- Category: History
- Published: Wednesday, July 27 2011 11:21
Things Happen For A Reason …
In my last blog I mentioned how I personally came full circle through my association with Champion Spark Plug in Toledo and the events that led me here to Road Atlanta in time to celebrate both of our 40 year milestones (my 40th birthday high school reunion and Road Atlanta’s 40 year anniversary)!
Now join me in reminiscing about the odd chain of events that put Road Atlanta on the map and gave us the opportunity to showcase our amazing world-class road course. The rest is history!
Construction of Road Atlanta began in the spring of 1970 with completion planned in November. Things got a little hectic when SCCA officials offered Road Atlanta a Can-Am date on September 12-13th because severe storm damage forced the race at Bridgehampton, NY to be cancelled. (At the time of the Can-Am negotiations not a square inch of asphalt had been laid)! That event introduced major league road racing to more than 25,000 excited fans.
Sebring (who would later become our sister track under the leadership of the Panoz Motorsports Group) was forced to cancel their opening event in IMSA’s 1974 championship schedule due to the energy crises. This led to the first ever championship endurance racing event at Road Atlanta and set the stage for our signature event, Petit Le Mans, to make it’s debut years later.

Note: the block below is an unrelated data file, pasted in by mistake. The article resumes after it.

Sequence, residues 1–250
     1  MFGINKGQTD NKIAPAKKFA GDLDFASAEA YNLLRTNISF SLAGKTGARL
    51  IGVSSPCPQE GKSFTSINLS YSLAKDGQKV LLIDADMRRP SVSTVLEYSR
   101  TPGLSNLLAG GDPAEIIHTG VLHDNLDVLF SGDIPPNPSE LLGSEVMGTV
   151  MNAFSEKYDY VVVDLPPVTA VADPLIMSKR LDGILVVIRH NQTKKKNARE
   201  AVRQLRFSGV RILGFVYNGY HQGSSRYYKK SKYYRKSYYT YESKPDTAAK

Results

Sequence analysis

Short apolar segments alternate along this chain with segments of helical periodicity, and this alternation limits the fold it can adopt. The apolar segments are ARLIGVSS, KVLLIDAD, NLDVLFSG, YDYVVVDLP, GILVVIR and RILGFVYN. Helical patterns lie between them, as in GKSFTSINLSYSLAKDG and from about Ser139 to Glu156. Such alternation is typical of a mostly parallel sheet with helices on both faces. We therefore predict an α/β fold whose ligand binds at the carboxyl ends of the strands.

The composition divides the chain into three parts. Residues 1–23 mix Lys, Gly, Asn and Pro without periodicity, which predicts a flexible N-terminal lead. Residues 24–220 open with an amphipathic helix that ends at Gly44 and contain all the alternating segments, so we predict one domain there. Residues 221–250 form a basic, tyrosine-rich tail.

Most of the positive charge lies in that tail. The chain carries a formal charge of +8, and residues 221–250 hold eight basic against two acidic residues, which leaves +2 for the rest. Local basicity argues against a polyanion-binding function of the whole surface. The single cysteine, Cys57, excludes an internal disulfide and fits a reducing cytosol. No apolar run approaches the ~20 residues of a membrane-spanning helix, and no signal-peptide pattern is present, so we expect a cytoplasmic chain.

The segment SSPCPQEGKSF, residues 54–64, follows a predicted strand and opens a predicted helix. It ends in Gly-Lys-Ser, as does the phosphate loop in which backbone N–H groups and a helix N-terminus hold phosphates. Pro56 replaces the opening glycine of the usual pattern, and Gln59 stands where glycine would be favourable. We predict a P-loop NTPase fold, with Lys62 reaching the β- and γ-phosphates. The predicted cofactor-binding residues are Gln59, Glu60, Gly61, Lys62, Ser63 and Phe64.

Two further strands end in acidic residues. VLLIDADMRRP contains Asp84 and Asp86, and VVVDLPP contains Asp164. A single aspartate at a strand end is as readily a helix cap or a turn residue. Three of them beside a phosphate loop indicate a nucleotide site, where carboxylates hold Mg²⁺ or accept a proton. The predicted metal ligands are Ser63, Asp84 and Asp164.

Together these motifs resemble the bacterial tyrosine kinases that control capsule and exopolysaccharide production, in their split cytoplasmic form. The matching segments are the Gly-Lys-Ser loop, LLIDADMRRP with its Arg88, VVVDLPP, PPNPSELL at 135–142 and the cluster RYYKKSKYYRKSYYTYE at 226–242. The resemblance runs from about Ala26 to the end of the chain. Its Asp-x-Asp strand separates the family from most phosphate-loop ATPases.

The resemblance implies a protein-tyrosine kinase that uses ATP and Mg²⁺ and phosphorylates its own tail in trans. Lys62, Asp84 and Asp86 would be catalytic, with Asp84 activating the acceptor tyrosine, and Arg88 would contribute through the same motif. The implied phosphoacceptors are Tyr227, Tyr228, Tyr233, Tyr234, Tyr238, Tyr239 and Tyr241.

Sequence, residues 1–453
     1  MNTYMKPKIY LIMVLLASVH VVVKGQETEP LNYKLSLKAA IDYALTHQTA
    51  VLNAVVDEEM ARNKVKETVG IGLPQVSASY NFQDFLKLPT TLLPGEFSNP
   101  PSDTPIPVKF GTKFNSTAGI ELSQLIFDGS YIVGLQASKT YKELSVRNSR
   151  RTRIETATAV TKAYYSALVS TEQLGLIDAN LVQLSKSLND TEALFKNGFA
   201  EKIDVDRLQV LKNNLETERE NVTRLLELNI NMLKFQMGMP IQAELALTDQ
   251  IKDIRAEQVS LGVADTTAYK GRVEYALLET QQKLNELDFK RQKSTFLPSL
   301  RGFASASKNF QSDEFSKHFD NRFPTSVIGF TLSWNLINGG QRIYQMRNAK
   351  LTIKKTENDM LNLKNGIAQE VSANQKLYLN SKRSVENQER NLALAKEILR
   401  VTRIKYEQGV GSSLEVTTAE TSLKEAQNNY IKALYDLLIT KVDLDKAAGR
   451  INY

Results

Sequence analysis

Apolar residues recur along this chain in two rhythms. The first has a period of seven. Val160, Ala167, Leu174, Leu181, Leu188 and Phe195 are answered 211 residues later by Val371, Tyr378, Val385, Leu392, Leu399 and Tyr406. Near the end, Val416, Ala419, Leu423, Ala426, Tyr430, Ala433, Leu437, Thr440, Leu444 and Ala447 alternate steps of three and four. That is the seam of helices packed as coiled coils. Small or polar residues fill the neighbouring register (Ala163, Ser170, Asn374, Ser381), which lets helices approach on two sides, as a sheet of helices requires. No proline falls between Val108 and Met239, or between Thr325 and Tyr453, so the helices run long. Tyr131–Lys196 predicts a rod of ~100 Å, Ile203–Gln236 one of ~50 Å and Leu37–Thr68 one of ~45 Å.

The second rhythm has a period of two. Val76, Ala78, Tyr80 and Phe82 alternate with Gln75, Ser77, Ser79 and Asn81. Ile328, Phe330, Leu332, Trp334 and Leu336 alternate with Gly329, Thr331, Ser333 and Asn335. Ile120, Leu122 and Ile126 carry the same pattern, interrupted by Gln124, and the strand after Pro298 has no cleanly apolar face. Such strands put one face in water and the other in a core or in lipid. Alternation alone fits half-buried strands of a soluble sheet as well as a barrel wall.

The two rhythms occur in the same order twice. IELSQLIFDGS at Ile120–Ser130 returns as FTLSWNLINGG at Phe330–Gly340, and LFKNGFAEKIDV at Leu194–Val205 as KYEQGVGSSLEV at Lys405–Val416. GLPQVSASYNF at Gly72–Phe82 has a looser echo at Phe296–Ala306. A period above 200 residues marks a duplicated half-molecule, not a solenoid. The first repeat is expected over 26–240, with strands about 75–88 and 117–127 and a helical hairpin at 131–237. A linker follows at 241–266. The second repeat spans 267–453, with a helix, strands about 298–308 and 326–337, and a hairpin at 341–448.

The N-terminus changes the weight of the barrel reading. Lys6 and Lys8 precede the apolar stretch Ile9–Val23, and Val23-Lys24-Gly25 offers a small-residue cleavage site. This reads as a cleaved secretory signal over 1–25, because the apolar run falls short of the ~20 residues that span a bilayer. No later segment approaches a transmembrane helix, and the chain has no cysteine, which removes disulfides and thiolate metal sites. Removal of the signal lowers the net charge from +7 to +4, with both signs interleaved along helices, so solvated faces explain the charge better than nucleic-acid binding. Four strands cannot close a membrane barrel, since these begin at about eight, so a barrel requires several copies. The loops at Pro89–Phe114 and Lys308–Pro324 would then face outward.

The Atlanta 6-Hour, B.F. Goodrich 3-Hour and VW Super Vee Gold Cup was held at Road Atlanta April 19-21st. It was a nostalgic dream-come-true for Road Atlanta President Arthur Montgomery and Vice-President/General Manager Dave Sloyer. “Things have a way of coming full circle,” mused Montgomery, “because neither Dave nor I would ever have imagined that we’d be staging “Sebring” at our own race track one day!” In the mid 60s Montgomery (an Atlanta Ferrari aficionado) participated as owner/entrant of a works-prepared 330 Prototype driven in the 12-hour enduro by Umberto Maglioli and Giancarlo Baghetti of Italy. Sloyer’s first visit to the Old Sebring airfield was at the wheel of a Fiat-Abarth race in 1966.
For those of you who aren’t familiar with Arthur Montgomery, he served as President of the Atlanta Coca-Cola Bottling Company and played a central role in bringing professional sports of all types to the Atlanta area. He was instrumental in bringing the Atlanta Braves to the city from Milwaukee and sold NFL Commissioner, Pete Rozelle, on the idea of a pro football franchise for Atlanta.
So the next time the economy or “mother nature” forces you to change your plans, embrace it … you never know what might happen!